Biodiversity at Menhammar

Menhammar Stud & Farm is home for some 300 horses, 70 cows and sheep – not to speak of the many millions of plants and animal species which benefit form the open pastures and meadows.

By lake Mälaren, on scenic Ekerö outside Stockholm, resides Menhammar Stud, with its successful horse breeding activities. Next door, at Menhammar Farm, the horses’ fodder is produced. The farm runs a strategic and long-term sustainable work to promote biodiversity and to reduce negative impacts on the environment.The interplay between agriculture and nature management at Menhammar is an extremely important factor for sustainability. 

Grazing animals make a big contribution to biodiversity on our natural pastures, waterside meadows and oak woodland. This work is impossible to replicate with machines,” says Markus Nilsson, Professional Gamekeeper at Menhammar.

“Our natural pastures, which have been grazed continuously for many years, develop what is known as ‘meadow diversity’. This means that the grazing animals keep more dominant plants such as grasses, trees and shrubs in check, so the soil remains open and offers unique habitats that result in greater diversity. We have already restored some pastures and we aim to continue this work.”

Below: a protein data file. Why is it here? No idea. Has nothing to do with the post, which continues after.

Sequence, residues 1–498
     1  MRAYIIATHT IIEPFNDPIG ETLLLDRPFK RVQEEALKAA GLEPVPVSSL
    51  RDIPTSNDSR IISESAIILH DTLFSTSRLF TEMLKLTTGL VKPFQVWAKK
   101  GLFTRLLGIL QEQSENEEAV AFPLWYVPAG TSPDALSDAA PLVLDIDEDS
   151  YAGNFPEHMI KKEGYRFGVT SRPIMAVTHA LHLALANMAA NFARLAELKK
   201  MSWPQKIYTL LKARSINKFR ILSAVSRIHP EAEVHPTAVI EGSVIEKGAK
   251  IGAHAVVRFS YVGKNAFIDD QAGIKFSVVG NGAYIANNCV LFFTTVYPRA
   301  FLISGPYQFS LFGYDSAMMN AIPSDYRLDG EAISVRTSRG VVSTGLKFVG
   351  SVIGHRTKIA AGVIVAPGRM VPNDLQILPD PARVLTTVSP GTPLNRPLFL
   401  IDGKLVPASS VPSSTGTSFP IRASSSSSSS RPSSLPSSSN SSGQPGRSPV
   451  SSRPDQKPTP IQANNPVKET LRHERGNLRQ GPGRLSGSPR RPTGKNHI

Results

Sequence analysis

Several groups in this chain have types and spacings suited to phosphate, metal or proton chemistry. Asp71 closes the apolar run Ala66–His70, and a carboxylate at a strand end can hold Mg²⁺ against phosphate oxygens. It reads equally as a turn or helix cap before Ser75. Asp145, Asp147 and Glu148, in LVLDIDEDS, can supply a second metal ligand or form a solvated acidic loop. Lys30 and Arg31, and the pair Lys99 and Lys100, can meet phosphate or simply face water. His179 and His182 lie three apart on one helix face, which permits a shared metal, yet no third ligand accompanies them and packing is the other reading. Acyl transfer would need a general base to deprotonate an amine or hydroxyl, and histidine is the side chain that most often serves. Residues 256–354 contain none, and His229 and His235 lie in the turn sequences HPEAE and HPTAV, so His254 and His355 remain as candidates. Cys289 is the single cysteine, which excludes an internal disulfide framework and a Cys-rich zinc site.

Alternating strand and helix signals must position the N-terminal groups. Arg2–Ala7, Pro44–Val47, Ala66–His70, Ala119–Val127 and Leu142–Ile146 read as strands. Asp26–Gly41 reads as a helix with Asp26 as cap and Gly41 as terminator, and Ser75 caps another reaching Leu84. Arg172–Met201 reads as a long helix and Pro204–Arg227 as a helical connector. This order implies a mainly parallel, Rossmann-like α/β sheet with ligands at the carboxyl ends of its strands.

Beetle banks promote biodiversity

The pollinators and various predatory insects are also aided by the creation of beetle banks, wide strips of soil sown with suitable plants, and wildflower meadow strips in fields. The newly created phosphorus pond will greatly reduce the amount of phosphorus that drains off the land, thus reducing the eutrophication of Lake Mälaren. 

Arable field margins along ditches, streams and forest edges also reduce nutrient leaching, as well as increase the biodiversity. 

“Through careful planning of the type of field margins and placement of crops, these also make great places for hares, moose, deer and roe deer to graze,” says Markus Nilsson.

Chemical-free

Another fact which contribute to the biodiversity is that the farming is chemical-free.

“We spend more time on mechanical weed control with harrows these days than we did before. But the upsides are greater; by not using chemicals, we’re doing pollinators and predatory insects a favour, which in turn is good for the crops,” says Ulf Segerström, Agricultural Operations Manager. 

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